Travel bans hit ESL institutions


    Even with travel restrictions still in effect worldwide, the Philippines is confident of maintaining its position as one of the leading study-English destinations in the global arena by shifting these services online.

    Secretary Bernadette Romulo-Puyat of the Department of Tourism (DOT) in a webinar on July 10 said the agency is working with stakeholders on the enhancement of educators’ skills and in exploring ways to promote the country’s offerings for English as a Second Language (ESL).

    “The students who have come here have returned to their home countries for now. While travel restrictions brought by the COVID-19 pandemic have affected the growth of the ESL industry, we know we can take back the gains we have achieved,” said Puyat in her opening remarks.

    Puyat also said the DOT is closely working with the private sector and stakeholders in developing the official guidelines on health and safety protocols for the implementation of ESL schools once they are allowed to open by authorities.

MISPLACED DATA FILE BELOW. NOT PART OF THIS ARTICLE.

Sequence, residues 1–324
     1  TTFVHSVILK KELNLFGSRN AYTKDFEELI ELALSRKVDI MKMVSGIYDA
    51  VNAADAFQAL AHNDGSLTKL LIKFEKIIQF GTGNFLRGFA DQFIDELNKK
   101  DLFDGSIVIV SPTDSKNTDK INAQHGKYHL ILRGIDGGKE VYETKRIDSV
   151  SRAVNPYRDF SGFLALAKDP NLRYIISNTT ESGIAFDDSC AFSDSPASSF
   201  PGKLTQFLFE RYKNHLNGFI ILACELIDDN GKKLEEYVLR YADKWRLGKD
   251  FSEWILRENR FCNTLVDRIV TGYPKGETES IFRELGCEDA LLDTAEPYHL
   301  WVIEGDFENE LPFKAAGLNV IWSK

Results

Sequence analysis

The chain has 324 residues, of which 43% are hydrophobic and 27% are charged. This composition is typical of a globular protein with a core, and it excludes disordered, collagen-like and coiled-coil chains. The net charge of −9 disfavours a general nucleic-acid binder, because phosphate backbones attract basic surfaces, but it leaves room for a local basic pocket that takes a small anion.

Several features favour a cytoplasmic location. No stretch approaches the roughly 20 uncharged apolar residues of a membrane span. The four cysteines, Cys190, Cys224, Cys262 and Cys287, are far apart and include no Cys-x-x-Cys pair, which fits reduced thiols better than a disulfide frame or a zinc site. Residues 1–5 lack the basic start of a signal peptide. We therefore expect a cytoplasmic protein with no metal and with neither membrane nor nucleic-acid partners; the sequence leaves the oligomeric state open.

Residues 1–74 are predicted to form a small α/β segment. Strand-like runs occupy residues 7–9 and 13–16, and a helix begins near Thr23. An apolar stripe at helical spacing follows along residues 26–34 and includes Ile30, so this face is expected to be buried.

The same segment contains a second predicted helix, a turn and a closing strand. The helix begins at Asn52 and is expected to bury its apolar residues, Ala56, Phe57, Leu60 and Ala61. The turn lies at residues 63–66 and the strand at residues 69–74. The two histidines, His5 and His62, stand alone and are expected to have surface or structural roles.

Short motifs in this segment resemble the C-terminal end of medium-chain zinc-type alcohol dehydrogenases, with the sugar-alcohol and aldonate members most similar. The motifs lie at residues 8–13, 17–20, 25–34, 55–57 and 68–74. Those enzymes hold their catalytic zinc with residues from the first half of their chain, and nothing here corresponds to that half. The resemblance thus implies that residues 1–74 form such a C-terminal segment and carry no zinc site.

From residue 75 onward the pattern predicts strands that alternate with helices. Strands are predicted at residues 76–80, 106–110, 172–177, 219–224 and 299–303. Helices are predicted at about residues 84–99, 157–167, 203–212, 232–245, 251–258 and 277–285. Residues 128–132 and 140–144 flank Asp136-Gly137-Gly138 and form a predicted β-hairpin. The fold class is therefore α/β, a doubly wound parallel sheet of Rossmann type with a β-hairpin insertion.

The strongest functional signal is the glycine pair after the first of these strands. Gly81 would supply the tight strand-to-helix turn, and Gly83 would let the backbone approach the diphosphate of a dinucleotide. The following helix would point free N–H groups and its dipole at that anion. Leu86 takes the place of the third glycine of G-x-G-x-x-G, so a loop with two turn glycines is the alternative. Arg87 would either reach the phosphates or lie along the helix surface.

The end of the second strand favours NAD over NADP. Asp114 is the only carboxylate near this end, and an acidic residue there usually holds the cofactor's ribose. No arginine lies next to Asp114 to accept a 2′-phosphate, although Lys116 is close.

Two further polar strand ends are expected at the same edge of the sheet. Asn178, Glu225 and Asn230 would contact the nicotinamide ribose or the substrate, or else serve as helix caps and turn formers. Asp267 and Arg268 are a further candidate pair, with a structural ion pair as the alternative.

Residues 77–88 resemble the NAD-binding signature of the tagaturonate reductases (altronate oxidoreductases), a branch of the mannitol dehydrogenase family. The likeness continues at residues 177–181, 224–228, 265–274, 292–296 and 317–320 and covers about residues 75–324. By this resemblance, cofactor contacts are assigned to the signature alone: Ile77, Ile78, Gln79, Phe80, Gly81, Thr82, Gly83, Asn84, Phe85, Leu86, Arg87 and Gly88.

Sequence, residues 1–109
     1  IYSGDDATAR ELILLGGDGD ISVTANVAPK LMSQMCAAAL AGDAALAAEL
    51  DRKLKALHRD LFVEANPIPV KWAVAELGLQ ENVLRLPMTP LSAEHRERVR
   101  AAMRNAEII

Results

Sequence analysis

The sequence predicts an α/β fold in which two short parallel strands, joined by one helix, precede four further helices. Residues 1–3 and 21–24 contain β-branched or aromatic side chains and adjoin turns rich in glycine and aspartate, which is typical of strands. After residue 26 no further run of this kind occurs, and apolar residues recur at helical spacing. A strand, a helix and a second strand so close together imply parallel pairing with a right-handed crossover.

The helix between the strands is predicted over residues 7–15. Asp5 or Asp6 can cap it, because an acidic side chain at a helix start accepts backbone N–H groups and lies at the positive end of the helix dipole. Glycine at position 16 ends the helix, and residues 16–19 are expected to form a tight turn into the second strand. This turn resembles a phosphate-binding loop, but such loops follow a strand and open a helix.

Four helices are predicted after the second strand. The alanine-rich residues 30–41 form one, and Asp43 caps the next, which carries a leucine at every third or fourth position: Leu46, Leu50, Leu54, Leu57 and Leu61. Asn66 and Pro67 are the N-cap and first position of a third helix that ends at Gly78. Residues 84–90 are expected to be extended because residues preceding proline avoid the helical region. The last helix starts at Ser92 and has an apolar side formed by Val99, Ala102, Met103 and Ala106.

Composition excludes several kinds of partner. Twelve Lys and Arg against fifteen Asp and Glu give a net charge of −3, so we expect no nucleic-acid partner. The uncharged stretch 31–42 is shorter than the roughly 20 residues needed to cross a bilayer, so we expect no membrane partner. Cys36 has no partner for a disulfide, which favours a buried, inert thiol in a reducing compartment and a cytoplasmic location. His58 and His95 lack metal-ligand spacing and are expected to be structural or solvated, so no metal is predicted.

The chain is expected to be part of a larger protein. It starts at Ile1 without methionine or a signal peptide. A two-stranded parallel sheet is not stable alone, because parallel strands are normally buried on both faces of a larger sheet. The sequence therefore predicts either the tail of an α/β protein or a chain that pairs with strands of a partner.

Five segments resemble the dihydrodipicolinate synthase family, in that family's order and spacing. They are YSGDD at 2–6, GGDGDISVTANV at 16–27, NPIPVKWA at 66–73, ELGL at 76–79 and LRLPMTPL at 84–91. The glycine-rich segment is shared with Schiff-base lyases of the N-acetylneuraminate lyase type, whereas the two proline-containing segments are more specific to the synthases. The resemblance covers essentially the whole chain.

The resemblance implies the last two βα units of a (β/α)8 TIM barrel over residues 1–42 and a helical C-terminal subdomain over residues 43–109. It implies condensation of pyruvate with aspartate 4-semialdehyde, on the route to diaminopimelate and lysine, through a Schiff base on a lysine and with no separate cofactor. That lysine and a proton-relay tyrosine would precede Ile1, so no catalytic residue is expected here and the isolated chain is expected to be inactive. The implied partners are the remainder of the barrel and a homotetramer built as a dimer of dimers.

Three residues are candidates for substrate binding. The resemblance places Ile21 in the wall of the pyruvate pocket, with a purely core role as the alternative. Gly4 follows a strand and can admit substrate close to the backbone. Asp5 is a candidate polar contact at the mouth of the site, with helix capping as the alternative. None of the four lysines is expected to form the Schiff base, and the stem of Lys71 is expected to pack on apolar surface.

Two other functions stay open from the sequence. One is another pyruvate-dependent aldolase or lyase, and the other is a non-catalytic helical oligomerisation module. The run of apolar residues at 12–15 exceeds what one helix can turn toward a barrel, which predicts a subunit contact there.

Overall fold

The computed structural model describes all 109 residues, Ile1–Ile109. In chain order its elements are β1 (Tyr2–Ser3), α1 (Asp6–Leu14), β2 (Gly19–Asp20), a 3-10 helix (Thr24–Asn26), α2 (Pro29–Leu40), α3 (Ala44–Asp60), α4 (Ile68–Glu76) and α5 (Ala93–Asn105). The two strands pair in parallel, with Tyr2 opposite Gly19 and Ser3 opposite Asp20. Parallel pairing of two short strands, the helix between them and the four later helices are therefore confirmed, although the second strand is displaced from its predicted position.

Puyat said years of developing ESL as a key educational tourism product and market expansion efforts have lured students from foreign countries to the Philippines to learn English mostly coming from Asia, the Middle East, and non-English speaking countries of Europe.

    “One of our key education tourism products before the pandemic the ESL market was a significant contributor to the country’s tourism industry with the Philippines fast becoming a preferred destination of international students around the world who come to Manila, Cebu and Baguio,” Puyat said.

    Cebu alone hosts 108 ESL centers, making the province, a primary ESL center.

    ESL,is classified under Education Tourism, a “niche” product of the DOT based on the National Tourism Development Plan 2016-2022.

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